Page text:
At Rolling Loud 2018, a Bigger Venue Leads to Bigger Problems

The Diplomats perform at Rolling Loud 2018
The Diplomats perform at Rolling Loud 2018 Photo by Amadeus McCaskill

As many already know, last year's edition of the hip-hop extravaganza Rolling Loud almost didn't happen. Thanks to backlash from city officials and downtown Miami residents upset about yet another festival taking over Bayfront Park for an entire weekend, the event, which had moved from Wynwood, was nearly canceled.

This time around, it seems the organizers didn't want to take any chances. They moved the 2018 edition of Rolling Loud north to Hard Rock Stadium, and the change in venue has made a hell of a difference — emphasis on "hell."

Right away, one can tell by entering the grounds at Rolling Loud how much of a disorganized mess it is. Three stages, up from two last year, are set in a mirrored L-shape in the stadium's parking lot. Two smaller stages, named Audiomack and Monster Energy for their sponsors, face west toward the stadium, while the enormous High Hemp main stage faces north. The sound bleed is predictably horrible, to the point one can stand between High Hemp and Monster Energy and hear both equally well. West of the stages are the usual festival amenities: food trucks, merch booths, art installations, a huge Ferris wheel, etc. There are also food and drink stands with long queues and sponsor tents dividing each stage area, making paths between each area perilously narrow.

Surprisingly, the festival's floor plan has made getting around extremely difficult, sometimes even dangerous. Although they seem close together from a distance, walking from one stage to another takes at least ten minutes, and much of that time is spent fighting the massive, abrasive crowd. People surrounded the stages and formed enormous queues for food and drinks. The bright idea of "free water" booths was rendered useless by ridiculous wait times. I found it impossible to get within 100 feet of any one of the stages, I could barely see any of the performers, and I lost count of how many times someone slammed into me while I was trying to walk around. Naturally, getting physically close to other people is standard operating procedure for a music festival or concert, but this was exceptional. At one point, while being crushed in a slow-moving scrum of people near a row of food stalls, I felt legitimately claustrophobic, physically sickened by the lack of personal space. There were barely any security guards directing the crowd's traffic, which to me signifies that the odds of a stampede are much higher than usual.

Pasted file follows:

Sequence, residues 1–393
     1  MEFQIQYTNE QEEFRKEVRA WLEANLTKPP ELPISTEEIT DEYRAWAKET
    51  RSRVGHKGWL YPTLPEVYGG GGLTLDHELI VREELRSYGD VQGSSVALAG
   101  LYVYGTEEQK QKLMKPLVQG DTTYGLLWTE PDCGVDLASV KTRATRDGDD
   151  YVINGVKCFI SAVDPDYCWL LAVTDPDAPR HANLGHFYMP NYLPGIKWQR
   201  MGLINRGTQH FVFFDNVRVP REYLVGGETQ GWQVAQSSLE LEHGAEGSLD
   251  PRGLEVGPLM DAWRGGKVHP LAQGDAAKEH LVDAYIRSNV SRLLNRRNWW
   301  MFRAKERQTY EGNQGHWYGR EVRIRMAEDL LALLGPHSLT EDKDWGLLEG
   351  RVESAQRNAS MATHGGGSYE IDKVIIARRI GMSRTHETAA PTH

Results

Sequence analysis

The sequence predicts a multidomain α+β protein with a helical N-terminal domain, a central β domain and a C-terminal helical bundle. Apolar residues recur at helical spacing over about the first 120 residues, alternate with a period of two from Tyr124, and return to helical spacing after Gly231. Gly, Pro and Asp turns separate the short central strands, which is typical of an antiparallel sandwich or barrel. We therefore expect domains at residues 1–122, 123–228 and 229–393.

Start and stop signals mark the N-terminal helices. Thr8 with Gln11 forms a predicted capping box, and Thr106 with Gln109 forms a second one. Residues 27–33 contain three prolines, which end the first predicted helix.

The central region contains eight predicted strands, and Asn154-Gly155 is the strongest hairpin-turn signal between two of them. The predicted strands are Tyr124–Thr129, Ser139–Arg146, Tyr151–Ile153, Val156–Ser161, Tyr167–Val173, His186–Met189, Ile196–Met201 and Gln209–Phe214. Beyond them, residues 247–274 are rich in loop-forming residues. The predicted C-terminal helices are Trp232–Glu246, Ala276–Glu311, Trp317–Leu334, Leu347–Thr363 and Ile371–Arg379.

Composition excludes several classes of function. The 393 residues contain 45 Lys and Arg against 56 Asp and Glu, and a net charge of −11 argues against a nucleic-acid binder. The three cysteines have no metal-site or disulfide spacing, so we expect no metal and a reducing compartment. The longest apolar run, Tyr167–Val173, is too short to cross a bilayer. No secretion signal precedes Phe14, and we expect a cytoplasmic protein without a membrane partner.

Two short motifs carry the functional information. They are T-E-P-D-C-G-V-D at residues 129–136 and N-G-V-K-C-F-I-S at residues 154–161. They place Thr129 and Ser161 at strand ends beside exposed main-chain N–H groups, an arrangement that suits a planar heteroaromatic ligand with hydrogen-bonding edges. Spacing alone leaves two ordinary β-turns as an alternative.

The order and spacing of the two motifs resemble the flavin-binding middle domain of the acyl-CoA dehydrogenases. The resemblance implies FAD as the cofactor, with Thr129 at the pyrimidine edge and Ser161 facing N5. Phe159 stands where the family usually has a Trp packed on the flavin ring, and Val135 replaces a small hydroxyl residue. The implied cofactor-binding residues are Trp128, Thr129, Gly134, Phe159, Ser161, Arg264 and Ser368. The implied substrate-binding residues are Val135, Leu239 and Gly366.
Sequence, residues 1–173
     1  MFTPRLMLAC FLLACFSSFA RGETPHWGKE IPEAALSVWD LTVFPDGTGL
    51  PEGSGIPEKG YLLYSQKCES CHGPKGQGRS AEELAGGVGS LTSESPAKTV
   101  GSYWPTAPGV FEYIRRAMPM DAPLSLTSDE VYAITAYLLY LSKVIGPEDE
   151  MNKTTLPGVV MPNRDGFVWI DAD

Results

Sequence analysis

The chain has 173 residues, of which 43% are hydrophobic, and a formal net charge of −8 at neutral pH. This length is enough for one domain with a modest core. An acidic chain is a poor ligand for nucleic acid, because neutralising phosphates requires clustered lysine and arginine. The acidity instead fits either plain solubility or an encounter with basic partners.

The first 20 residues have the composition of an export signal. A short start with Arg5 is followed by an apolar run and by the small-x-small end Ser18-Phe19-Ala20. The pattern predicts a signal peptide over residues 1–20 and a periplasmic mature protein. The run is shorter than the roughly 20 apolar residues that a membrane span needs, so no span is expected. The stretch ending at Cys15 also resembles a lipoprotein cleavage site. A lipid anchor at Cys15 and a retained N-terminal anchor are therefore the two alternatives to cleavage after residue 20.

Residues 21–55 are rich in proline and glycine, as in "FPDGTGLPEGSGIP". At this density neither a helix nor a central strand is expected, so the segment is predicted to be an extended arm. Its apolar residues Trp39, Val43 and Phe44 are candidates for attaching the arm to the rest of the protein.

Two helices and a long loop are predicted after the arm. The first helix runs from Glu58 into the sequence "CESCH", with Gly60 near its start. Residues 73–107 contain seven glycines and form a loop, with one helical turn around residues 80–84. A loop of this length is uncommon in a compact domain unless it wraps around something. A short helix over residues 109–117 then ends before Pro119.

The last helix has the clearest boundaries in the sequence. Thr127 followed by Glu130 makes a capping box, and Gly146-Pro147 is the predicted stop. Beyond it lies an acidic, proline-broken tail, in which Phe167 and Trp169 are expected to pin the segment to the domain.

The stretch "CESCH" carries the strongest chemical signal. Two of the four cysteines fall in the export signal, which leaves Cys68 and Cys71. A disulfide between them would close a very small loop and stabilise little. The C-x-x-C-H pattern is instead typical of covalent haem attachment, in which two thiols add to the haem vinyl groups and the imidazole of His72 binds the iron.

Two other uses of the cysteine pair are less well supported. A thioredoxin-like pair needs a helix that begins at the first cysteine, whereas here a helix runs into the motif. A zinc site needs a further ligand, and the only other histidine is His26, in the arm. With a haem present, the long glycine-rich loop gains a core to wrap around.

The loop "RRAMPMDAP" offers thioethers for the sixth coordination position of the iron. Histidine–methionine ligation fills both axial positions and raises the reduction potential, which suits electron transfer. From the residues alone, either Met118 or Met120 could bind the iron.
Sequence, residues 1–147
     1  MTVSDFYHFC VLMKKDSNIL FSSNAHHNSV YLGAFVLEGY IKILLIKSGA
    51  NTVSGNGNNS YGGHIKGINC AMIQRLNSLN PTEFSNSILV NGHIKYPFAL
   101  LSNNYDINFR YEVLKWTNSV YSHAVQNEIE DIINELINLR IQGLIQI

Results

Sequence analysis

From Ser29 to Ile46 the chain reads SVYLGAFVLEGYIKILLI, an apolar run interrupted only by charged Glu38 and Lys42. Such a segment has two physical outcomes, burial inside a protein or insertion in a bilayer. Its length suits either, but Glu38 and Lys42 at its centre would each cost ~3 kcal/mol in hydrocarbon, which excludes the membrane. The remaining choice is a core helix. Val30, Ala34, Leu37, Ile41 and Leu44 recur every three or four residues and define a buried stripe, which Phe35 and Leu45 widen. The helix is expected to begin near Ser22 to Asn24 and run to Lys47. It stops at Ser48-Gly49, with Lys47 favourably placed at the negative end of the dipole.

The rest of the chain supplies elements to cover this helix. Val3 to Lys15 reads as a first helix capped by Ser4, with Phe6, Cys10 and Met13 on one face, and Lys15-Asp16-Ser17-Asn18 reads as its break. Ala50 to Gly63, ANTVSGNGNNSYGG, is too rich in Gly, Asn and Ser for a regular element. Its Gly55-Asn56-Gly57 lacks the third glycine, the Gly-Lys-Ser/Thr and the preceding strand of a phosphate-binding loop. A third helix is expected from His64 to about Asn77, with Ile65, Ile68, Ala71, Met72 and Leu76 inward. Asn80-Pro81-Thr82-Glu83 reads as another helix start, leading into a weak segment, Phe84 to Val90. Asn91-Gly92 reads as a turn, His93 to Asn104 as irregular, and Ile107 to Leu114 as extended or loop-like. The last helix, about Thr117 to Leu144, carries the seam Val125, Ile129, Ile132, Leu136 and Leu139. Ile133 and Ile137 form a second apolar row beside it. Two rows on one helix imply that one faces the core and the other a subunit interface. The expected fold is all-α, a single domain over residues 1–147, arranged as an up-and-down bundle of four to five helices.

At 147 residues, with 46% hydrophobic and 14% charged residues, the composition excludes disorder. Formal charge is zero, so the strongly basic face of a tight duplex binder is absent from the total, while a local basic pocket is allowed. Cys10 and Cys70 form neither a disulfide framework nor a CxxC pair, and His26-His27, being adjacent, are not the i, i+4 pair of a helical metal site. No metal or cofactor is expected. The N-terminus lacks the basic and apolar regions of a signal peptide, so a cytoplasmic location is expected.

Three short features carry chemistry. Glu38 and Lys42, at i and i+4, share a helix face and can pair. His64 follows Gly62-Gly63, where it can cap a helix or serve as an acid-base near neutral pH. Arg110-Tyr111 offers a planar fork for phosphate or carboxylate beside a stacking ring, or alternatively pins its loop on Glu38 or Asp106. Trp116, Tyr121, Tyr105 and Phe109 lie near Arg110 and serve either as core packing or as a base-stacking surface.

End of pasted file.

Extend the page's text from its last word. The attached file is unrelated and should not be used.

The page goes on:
click to enlarge Kid Trunks at Rolling Loud. - PHOTO BY AMADEUS MCCASKILL
Kid Trunks at Rolling Loud.
Photo by Amadeus McCaskill
Essentially, Rolling Loud has had to exchange the structured density of Bayfront Park — with its walkways, dedicated amphitheater, and large grassy lawn — for a big, empty space to be filled with as many people as possible. At Ultra Music Festival in Bayfront Park earlier this year, organizers used the available spaces more strategically. Crowds were corralled into stage areas that were restricted by the park's architecture rather than allowing them to move around in a huge mob. Rolling Loud, by contrast, could have taken advantage of the stadium itself by using existing amenities such as VIP areas and concession stands rather than building a vast, dysfunctional parking-lot city. New York hip-hop festival Hot 97 Summer Jam uses the infrastructure at Meadowlands Stadium to its benefit.

Actually, getting around Rolling Loud is the easy part. To simply gain entry to the grounds took hours, from a two-hour traffic jam exacerbated by riders getting out of their Ubers in the middle of the road — some even on a Turnpike overpass — to the difficulty of securing passes and, in this writer's case, convincing security that, yes, I am allowed to be here because I have to do my job. This is perhaps my biggest criticism of the event, that I saw more security guards outside the venue preventing people from getting in than making sure they're safe once inside.
Photo by Amadeus McCaskill
To be fair, the organizers are trying to do something unprecedented with Rolling Loud: prove that an Ultra-style megafestival is possible for a chaotic genre such as hip-hop. But they're not doing a very good job of it. Part of this is because of the raw deal Miami gave them in forcing them to move north to Miami Gardens, but they haven't been able to turn those lemons into lemonade despite the several lemonade stands peppered around the stadium parking lot. Extreme weather, which is in the forecast for this weekend, will likely exacerbate these issues.

Hip-hop acts usually like to bring out high-profile guest performers during their sets. For example, Playboi Carti brought out A$AP Rocky to play his song "Telephone Calls," on which Carti features. Young Thug did something similar: He brought out Lil Uzi Vert, who was next on the schedule. Uzi did one of his features and then jumped onto stage right at his scheduled set time of 9:30 to perform his song "Money Longer."

Now, you might think Uzi would stay onstage to do his set. But he didn't. Instead, he and Young Thug left, and Uzi didn't return for another 15 minutes, presumably because he just didn't feel like it. That's what Rolling Loud 2018 has become about: ignoring the obvious choice in favor of something completely pointless. 
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Douglas Markowitz is a former music and arts editorial intern for Miami New Times. Born and raised in South Florida, he studied at Sophia University in Tokyo before earning a bachelor's in communications from University of North Florida. He writes freelance about music, art, film, and other subjects.